Zis-N-Zat From Pastor Asher

God is my conscience, Jesus lives in my heart… this blog is about what I see, what I think, what I do and how I serve God

Approximate Notes for Father’s Day Message; 15 June 2014

Scriptures for this Sunday: Luke 15:11-32

You can read these Scriptures here:  NIV

Affirmation of Faith: UMH 887

Hymns for this Sunday

UMH 554 – All Praise to Our Redeeming Lord

                      verses 1,2,3, 6

!!!!!!(use melody UMH 57)

UMH 695 – O Lord, May Church and Home Combine

         !!!!!!!(use melody UMH 378)


Today is Father’s Day, and today is set aside to celebrate our fathers. It is a day of recognition. It is a day of remembering the contributions of our fathers, past and present. It is also about preparing future fathers, something that the Church should be diligent about not only on Father’s Day but every day of the year. It is a day to highlight fatherhood and the parenting done by men in all of our lives. Some of that parenting was done by our biological fathers and some of that parenting was done by men who mentored us somewhere along our life’s journeys.

Father’s Day is a happy day filled with ties, all you can eat buffets and mugs boldly proclaiming, “The World’s Best Dad!”

Father’s Day is a day to honor men who function as mentors to many young people thus becoming “adoptive” fathers to these youths.

Father’s Day is also a sad reminder that many fathers in our society are physically, emotionally, financially, and spiritually absent from the lives of their children and from the families that they started. (“It is all fun and games until you have to get up at 2 am to change a diaper.”)


As I stand before you today, June 15, 2014, I am very aware that there is a reason why God made it necessary to have both a male and a female to create and nurture a new life. Fathers offer a unique and irreplaceable contribution to the development of their children. While single moms are capable of successfully raising their children (I am an illustration of that), we know that life works best when there is also a male role model, preferably fulfilled by the father present in the life of a child, as they grow, mature and discover their place in the world. As a society, by and large we no longer understand why it is important for children to have both a mom and a dad.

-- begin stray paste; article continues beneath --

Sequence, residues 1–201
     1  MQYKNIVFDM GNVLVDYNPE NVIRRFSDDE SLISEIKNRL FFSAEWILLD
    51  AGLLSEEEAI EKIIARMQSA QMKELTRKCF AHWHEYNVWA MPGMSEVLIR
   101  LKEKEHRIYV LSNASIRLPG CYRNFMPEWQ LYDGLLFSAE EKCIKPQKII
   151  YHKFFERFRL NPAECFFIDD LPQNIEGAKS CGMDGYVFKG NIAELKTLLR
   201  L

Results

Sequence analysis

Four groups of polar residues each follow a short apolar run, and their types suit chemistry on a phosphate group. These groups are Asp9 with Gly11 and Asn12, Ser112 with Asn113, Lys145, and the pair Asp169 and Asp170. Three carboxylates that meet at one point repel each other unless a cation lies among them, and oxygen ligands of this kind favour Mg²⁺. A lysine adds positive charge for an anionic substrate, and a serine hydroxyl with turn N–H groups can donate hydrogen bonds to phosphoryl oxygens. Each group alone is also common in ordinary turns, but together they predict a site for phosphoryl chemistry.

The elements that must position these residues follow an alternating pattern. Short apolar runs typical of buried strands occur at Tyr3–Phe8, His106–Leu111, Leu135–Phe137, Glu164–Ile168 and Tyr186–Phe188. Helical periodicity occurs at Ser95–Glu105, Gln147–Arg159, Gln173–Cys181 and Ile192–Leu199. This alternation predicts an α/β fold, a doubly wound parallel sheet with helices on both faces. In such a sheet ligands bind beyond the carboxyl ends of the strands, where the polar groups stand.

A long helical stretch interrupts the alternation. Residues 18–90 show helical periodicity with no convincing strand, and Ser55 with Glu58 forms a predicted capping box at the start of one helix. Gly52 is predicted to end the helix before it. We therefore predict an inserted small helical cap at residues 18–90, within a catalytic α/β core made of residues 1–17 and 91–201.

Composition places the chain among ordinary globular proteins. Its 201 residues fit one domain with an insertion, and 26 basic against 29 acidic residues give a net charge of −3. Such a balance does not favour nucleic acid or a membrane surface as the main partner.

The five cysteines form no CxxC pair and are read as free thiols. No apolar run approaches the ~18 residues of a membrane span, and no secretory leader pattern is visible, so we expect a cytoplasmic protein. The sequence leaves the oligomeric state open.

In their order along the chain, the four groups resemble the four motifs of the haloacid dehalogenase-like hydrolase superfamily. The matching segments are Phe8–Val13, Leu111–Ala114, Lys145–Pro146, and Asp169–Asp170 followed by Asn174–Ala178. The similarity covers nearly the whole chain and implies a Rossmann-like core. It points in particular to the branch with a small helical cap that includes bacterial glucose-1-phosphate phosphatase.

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It is complicated being a parent. It involves intimacy and distance, it involves order and chaos, it includes safety and taking appropriate risks. Being a father means a need for immediacy, and patience to wait an extra moment to intervene or respond to a cry at a time of need. Being a parent involves appropriate distance so that children can learn problem-solving, patience, and self-reliance.


A huge part of being a father is about mirroring God’s movements in his life as well as nurturing a child’s experiences and uniqueness. It is about the intimacy of care and mentoring, and privacy and space of

  • self-reflection (“have you thought about…”)

  • self-creation (“what do you think you should do….”) and

  • emotional growth.